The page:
Posted in Adivasi / Adibasi, Childhood, Commentary, Cultural heritage, Customs, Ecology and environment, Economy and development, Film, Health and nutrition, History, Homes and utensils, Media portrayal, Modernity, Names and communities, Nature and wildlife, Quotes, Southern region – Southern Zonal Council, Storytelling, Tourism, Tribal elders, Video resources - external, Western Ghats – Tribal heritage and ecology, Women | Comments Off on Video | Synopsis: “Have you seen the arana?” Documentary by Sunanda Bhat – Kerala

ePaper | Writing and teaching Santali in different alphabets: A success story calling for a stronger sense of self-confidence – West Bengal

Santali is one of India’s many Adivasi languages. Today, seven different alphabets are used to write in it. Some argue that this great variety does not help the community’s development. | Read the full article by Boro Baski (3,3 MB) … Continue reading

Posted in Assimilation, Childhood, Commentary, Community facilities, Customs, Eastern region – Eastern Zonal Council, eBook eJournal ePaper, Economy and development, Education and literacy, Figures, census and other statistics, Film, Games and leisure time, History, Languages and linguistic heritage, Misconceptions, Modernity, Multi-lingual education, Museum collections - India, Music and dance, Names and communities, Organizations, Photos and slideshows, Press snippets, Revival of traditions, Santali language and literature, Seasons and festivals, Storytelling, Success story, Tagore and rural culture, Women, Worship and rituals | Tagged , , , | Comments Off on ePaper | Writing and teaching Santali in different alphabets: A success story calling for a stronger sense of self-confidence – West Bengal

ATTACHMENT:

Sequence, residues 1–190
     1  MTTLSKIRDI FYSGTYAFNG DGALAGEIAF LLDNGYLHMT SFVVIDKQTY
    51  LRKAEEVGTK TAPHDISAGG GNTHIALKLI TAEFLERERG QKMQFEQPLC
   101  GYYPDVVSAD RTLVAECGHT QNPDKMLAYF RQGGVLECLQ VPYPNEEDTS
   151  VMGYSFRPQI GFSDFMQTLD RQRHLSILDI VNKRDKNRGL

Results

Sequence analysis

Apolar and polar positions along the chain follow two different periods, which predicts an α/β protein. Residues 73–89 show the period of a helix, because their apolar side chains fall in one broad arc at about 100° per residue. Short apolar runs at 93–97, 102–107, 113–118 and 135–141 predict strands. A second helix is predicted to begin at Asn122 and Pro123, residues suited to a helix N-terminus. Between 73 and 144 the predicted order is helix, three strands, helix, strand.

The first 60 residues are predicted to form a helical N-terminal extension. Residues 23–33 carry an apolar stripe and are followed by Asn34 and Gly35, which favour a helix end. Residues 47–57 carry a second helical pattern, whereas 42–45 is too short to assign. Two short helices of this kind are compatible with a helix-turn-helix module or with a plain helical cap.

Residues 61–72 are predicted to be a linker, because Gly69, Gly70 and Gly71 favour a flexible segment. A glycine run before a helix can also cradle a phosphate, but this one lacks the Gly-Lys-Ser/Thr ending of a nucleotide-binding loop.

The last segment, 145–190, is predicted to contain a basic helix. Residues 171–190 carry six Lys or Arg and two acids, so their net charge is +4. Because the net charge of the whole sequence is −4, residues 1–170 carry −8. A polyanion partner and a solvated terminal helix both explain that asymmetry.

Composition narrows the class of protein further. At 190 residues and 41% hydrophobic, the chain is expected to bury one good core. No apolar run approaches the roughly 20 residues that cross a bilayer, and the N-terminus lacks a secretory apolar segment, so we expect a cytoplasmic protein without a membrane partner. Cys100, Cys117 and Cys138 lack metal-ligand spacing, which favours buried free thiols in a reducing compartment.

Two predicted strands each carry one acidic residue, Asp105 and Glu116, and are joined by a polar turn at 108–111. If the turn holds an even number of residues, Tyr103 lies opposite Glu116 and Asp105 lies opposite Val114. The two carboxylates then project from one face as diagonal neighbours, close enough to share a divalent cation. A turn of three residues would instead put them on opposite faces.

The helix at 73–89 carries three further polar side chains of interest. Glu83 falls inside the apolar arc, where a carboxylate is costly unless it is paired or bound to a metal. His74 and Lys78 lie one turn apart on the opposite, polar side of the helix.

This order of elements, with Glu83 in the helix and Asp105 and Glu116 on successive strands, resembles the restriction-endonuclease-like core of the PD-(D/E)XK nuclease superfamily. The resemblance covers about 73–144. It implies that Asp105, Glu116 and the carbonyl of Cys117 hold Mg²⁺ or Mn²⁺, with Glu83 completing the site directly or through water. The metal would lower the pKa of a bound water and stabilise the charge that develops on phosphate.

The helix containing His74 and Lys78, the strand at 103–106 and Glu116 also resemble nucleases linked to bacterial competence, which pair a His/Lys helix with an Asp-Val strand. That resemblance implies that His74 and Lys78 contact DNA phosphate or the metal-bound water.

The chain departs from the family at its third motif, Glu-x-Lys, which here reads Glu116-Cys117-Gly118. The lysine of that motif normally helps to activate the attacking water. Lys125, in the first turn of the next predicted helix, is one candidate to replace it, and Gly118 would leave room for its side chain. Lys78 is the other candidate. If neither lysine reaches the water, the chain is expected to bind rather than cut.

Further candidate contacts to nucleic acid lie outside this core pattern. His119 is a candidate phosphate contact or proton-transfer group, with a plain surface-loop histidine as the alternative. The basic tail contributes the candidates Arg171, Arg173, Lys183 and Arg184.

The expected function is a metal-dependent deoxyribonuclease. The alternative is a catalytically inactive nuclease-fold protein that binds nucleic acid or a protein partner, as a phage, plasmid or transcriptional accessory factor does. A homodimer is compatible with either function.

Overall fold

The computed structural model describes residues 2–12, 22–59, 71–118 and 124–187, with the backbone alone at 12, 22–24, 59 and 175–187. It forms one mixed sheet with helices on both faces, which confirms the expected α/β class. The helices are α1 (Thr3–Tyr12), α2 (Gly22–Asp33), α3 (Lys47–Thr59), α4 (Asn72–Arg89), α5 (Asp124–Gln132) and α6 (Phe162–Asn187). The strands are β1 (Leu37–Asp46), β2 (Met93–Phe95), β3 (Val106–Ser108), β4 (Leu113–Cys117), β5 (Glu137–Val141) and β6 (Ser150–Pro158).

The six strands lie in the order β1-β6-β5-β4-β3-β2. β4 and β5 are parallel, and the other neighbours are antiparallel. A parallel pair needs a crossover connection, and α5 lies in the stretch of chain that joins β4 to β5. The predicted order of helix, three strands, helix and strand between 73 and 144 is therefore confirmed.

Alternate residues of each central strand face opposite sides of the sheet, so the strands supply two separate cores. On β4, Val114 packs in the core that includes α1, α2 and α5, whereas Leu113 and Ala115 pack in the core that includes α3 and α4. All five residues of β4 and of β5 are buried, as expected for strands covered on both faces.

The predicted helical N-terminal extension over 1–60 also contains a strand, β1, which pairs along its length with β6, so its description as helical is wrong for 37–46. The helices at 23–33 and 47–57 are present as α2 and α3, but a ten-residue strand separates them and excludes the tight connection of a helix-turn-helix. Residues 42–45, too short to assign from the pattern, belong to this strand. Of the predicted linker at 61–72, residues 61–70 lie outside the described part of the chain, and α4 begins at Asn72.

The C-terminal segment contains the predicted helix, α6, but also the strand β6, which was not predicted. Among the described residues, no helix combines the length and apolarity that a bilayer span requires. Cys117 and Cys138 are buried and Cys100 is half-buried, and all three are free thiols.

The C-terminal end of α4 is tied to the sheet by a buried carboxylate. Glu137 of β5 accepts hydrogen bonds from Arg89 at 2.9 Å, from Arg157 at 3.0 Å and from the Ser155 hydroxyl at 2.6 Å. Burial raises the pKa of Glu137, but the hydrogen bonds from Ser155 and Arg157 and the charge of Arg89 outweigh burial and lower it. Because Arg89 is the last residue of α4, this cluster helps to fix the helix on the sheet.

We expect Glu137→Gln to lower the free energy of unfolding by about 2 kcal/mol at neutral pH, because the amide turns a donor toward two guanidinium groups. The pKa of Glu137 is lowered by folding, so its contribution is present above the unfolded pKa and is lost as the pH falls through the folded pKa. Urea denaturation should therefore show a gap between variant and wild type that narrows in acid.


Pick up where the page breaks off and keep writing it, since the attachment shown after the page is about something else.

Guda: A film by KJ Baby in the tribal language of the Kattunaikkars – Kerala

`Guda’ ready for screening The shooting of the `Guda’, perhaps the first film in the tribal language of the `Kattunaikkars’, has been completed and the film is all set for screening by the middle of December. K.J. Baby, the director … Continue reading